Old divisions die hard. And in Brookfield, the north-south division has had a remarkably long shelf life. It’s something that the village needs to resolve once and for all.

Whether a referendum to fund street repairs will be the thing that finally ends it, who knows? Our guess is that it won’t, at least right away. In fact, if the March 15 referendum succeeds, it may temporarily deepen whatever resentment still exists with those people who reside in recently paid off special service areas and those special service areas who will still be paying during the next couple of years.

But it’ll do no good and it makes no sense. Brookfield residents have got to stop being prisoners of the village’s history. The village was developed in starts and stops throughout almost an entire century. Neighborhoods appeared from the open prairie sporadically. First were S.E. Gross’ original subdivisions. Much later came the neighborhoods north of 31st Street and south of Shields Avenue.

That meant the infrastructure arrived at different times. It wouldn’t have crossed the minds of those building homes in the new neighborhoods on the south end that at one time, north siders had to pay for their streets, sewers and sidewalks, because it happened so long before.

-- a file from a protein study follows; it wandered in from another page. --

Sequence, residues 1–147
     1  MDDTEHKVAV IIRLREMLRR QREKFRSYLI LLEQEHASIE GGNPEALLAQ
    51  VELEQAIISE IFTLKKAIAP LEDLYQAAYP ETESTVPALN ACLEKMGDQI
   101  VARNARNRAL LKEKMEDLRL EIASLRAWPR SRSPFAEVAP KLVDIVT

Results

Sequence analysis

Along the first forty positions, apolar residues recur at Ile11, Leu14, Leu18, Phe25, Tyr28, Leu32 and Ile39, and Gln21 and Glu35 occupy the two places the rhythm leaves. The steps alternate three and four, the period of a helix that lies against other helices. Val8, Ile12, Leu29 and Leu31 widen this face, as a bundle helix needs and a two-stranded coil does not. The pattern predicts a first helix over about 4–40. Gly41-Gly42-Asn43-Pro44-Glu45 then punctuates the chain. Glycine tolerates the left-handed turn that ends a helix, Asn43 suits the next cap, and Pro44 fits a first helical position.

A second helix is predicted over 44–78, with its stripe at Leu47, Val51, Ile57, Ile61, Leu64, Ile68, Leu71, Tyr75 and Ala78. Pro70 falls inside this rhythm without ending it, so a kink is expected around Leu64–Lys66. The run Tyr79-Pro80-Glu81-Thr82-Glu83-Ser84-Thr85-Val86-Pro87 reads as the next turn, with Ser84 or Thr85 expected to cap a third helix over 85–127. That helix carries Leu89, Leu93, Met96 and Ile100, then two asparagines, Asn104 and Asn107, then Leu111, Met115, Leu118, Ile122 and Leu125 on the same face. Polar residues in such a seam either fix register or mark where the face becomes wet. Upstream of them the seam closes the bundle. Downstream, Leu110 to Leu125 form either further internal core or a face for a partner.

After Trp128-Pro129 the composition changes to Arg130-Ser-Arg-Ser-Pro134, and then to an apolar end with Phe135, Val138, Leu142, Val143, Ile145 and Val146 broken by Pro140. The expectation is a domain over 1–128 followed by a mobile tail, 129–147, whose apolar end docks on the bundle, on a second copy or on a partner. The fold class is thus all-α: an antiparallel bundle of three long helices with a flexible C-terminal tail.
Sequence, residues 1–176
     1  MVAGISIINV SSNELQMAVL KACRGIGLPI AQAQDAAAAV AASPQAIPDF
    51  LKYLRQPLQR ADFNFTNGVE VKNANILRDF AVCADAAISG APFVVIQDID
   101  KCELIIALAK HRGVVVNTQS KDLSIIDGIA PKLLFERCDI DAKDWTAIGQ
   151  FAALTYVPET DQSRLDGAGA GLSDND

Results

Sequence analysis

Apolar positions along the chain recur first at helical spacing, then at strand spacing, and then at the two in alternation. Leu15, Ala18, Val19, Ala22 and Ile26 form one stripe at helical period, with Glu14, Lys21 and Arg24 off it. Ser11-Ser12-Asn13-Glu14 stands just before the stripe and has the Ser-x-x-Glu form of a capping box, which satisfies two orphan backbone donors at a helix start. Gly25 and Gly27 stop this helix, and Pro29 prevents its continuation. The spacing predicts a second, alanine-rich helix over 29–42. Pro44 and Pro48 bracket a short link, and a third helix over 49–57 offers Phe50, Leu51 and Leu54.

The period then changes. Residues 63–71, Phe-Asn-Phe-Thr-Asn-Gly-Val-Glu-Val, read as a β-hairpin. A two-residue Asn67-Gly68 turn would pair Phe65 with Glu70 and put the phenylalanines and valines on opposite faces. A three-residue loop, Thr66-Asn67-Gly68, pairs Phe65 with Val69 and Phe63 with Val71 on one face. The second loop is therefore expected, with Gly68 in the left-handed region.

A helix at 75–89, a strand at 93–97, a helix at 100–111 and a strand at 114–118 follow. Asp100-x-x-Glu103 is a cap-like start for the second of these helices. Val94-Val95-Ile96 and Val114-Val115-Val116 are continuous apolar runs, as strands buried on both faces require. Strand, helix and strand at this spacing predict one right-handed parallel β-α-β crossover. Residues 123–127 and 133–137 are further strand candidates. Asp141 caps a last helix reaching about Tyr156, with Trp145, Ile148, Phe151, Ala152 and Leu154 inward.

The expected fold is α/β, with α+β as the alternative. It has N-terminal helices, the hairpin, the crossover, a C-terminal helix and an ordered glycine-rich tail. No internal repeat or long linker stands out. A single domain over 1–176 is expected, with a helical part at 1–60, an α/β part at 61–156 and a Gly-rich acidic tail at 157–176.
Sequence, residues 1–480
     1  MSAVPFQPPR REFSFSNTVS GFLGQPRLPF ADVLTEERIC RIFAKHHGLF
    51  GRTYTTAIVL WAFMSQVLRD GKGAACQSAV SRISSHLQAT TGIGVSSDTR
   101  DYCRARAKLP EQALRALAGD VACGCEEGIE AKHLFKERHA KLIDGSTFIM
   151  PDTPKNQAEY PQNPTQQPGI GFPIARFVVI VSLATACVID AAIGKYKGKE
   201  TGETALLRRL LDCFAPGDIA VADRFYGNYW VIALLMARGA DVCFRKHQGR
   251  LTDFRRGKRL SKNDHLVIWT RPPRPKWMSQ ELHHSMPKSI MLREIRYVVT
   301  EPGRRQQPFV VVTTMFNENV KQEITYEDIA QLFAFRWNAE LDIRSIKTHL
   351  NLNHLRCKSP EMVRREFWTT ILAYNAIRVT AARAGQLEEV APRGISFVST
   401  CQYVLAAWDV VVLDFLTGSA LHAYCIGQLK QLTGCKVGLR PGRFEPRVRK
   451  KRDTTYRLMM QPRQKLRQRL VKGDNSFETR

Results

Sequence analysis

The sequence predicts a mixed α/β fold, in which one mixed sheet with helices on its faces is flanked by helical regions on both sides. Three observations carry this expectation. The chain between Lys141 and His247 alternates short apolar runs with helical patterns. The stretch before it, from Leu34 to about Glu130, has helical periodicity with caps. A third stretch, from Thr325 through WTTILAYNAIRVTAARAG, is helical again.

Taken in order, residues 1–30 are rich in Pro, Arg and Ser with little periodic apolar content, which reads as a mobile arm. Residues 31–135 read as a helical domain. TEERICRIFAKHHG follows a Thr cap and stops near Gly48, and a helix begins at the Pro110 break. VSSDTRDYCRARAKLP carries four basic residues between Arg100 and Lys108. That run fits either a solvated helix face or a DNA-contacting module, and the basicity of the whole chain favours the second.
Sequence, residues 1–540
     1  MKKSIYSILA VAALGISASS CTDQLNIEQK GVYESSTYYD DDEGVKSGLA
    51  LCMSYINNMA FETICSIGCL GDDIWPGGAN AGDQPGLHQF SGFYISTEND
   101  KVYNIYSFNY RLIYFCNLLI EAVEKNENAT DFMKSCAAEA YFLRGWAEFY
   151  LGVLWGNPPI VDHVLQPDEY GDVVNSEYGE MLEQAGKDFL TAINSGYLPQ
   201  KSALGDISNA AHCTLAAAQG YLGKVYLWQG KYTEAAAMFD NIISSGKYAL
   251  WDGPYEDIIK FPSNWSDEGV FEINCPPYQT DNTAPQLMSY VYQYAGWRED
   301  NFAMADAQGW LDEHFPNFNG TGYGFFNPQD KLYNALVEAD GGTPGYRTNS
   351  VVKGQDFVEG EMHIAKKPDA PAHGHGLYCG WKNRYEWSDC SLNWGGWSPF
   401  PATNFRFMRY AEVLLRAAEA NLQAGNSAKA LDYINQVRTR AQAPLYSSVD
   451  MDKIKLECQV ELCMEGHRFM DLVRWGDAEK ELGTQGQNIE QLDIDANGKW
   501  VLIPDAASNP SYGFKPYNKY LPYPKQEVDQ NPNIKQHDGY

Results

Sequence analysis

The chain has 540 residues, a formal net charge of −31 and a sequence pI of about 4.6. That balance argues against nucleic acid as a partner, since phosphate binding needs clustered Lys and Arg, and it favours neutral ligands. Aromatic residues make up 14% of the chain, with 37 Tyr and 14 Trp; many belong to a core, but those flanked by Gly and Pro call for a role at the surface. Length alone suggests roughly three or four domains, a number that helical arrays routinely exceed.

Back in 1980s and 1990s, village government decided that they would continue a longstanding policy of creating special service areas when developing infrastructure in new neighborhoods.

It led to Brookfield finally being fully developed, but it rankles some homeowners who feel they somehow they are paying for something that others get for free. Now, why Brookfield decided to create a special service area to repair a north side neighborhood in 1999, is a wonder. In fact, it was a bad policy and one clearly unusable as a long-term, village-wide capital plan.

But we are where we are. Brookfield is still one village and it needs to address infrastructure as one village, not as a collection of insulated subdivisions.

Here’s a tip: Nothing is free for anyone, north side or south side. Local governments don’t have large piles of money that arrive from the heavens to build and rebuild residential streets. 

Sure, once in a while the village might be able to snag a few hundred grand in grant money and use it toward streets. It happened a few years ago and a few blocks got repaved that way.

Instead of thinking of it as someone getting something for free, think of it as everybody else getting a break from having to pay for it. The same thing happened when Brookfield was able to obtain grant funding to repave Washington, Prairie, Maple and Grand. All of Brookfield’s taxpayers still paid. They just didn’t pay as much. That’s a win for the whole village.

Special service areas are slowly, but truly, going away. Moving forward they shouldn’t (and haven’t for the past 16 years) be considered as a solution for streets. But residents can’t let past policy derail an actual, sustainable plan for the future.

That helps no one.